Your stomach will also be cleansed with use of an antiseptic solution to prevent infection. The surgeon will then make an incision in your stomach. There are 2 types of incision your doctor may choose. They include:
- A slanted incision that is made directly below the rib cage to the right of the abdomen
- An up-and-down incision that is made on the upper part of the abdomen
After the incision, muscle, skin and other tissues are pulled back to help expose your gallbladder. Once the gallbladder is exposed, the surgeon will remove it and then close the wound with stitches and then bandage the wound. The time taken during open cholecystectomy depends on the severity of your gallbladder disease.
After the surgery, you are taken back to the hospital room where your vital signs are monitored. If they aren’t any vital signs, you are released to go home.
What to Expect after Open Cholecystectomy
The doctor is likely to release you for home if your body is stable and you show clinical signs of recovery with no complications. The stay in hospital will be long compared to laparoscopic procedure since this procedure is more invasive. Your health professionals will also monitor your signs of fever, infection and any drainage at the surgical area. Your doctor will also make sure you have less pain and bleeding.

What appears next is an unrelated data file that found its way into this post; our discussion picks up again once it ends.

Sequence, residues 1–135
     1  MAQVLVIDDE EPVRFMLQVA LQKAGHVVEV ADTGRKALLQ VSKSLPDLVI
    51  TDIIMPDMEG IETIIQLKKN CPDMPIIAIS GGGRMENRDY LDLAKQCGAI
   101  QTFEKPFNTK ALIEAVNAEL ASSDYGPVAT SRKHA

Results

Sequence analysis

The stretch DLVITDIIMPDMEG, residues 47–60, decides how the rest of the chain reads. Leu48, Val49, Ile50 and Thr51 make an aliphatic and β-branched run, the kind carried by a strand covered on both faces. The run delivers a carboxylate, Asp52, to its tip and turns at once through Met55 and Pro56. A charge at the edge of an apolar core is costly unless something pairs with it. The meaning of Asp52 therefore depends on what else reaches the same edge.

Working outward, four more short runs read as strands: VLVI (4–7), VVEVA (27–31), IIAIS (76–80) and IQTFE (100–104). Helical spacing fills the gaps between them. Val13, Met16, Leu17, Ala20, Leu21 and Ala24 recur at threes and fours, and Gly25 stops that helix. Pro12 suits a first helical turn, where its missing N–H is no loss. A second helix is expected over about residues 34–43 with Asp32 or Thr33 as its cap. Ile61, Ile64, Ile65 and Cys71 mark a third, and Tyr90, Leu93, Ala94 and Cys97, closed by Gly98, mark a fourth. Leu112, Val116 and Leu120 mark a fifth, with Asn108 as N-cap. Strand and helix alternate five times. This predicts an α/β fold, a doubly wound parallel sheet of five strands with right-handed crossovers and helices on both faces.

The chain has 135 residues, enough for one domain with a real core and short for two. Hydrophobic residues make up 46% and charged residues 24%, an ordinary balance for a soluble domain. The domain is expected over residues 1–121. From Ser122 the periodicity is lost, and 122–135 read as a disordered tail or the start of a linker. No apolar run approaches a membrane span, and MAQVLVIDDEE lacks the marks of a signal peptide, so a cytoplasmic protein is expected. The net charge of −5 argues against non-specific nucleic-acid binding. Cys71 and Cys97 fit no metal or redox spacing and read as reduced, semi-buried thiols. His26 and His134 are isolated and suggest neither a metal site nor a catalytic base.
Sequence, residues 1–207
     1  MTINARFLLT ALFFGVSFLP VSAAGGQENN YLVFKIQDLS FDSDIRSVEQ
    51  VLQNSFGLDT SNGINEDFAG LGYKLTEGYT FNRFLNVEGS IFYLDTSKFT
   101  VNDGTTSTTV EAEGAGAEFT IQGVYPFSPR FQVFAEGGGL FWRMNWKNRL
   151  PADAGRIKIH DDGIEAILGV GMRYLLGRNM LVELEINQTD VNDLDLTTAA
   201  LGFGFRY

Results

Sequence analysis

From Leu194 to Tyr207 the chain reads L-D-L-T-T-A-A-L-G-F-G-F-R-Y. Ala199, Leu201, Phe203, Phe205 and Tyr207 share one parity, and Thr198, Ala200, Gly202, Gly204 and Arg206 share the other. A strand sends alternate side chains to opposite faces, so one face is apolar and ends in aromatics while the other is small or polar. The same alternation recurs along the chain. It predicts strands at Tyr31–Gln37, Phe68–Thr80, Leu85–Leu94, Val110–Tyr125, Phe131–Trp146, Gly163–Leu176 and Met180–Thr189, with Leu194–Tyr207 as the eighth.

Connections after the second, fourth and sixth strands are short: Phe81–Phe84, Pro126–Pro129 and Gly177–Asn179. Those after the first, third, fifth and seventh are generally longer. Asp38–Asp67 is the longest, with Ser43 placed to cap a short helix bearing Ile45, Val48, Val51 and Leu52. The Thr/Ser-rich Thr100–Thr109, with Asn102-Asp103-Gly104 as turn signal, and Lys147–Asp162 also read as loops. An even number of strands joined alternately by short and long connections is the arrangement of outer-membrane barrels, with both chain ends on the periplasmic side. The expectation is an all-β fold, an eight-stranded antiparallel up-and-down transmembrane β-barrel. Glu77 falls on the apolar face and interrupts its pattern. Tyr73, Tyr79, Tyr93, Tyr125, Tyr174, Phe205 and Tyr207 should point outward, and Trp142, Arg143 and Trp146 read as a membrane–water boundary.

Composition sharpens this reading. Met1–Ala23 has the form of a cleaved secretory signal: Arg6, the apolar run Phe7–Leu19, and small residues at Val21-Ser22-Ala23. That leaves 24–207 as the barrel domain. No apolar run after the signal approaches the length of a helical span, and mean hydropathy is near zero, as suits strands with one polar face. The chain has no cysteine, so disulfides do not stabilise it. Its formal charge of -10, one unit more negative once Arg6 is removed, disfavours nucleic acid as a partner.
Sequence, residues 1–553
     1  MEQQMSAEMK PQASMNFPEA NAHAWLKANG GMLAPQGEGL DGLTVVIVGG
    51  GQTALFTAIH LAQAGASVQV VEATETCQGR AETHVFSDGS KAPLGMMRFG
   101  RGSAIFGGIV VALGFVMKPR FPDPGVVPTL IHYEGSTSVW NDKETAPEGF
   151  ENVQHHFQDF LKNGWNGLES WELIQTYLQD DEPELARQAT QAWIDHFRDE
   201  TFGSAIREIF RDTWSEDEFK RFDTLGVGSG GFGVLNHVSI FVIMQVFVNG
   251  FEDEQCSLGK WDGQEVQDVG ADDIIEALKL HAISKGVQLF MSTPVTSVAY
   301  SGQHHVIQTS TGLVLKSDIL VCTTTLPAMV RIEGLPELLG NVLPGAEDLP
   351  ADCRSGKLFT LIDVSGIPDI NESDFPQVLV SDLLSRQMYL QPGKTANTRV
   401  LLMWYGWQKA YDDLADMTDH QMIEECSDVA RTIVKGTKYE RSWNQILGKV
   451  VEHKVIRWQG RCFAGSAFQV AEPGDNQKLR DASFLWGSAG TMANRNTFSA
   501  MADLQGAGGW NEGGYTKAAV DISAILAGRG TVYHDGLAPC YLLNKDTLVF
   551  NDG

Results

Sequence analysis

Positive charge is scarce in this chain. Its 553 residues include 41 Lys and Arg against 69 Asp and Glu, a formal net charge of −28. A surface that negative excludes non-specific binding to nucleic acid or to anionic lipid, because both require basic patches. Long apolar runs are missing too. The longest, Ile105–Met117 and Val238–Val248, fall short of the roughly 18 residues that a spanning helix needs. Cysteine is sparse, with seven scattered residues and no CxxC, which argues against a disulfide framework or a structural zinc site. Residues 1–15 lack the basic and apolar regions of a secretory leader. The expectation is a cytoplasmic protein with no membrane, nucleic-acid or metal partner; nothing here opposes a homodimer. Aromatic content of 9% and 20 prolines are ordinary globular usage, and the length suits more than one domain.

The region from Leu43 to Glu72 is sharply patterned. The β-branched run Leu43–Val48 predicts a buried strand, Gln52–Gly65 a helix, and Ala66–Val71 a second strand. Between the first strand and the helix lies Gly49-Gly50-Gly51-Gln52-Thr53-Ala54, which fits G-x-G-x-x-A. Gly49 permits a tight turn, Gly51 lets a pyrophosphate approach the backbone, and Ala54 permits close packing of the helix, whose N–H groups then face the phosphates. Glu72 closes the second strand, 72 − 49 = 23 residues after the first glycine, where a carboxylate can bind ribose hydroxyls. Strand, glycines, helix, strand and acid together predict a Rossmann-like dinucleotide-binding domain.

A full recovery after an open surgery to remove your gallbladder may take 4 to 6 weeks.
Some of the ways you can prevent complication and quicken recovery after open cholecystectomy include:
- Changing your bandages time after time.
- Frequent walks to prevent blood clots.
- Not wear tight clothing.
- Drinking enough fluids to prevent dehydration.
- Avoid lifting heavy loads more than 10 pounds.
- Washing your hand with a disinfectant before touching the surgical site.
Risks of Open Cholecystectomy
This is considered to be a safe operation with fewer complications. However, just like any other type of surgery, it carries some risks.
The risks of open cholecystectomy include:
- Blood clots
- Damage of your blood vessels
- Excessive bleeding
- Allergic reactions due to anesthesia and usage of other drugs
- Injury to the intestines and bile duct
- Heart complications such as increased pulse rate
Your doctor will explain to you some of these risks before performing the open cholecystectomy procedure.
Open cholecystectomy is a surgical procedure for removal of your gallbladder. This procedure involves making an incision on your stomach to expose the gallbladder after which it is permanently removed. The gallbladder is removed following an infection caused by gallstones and other complications.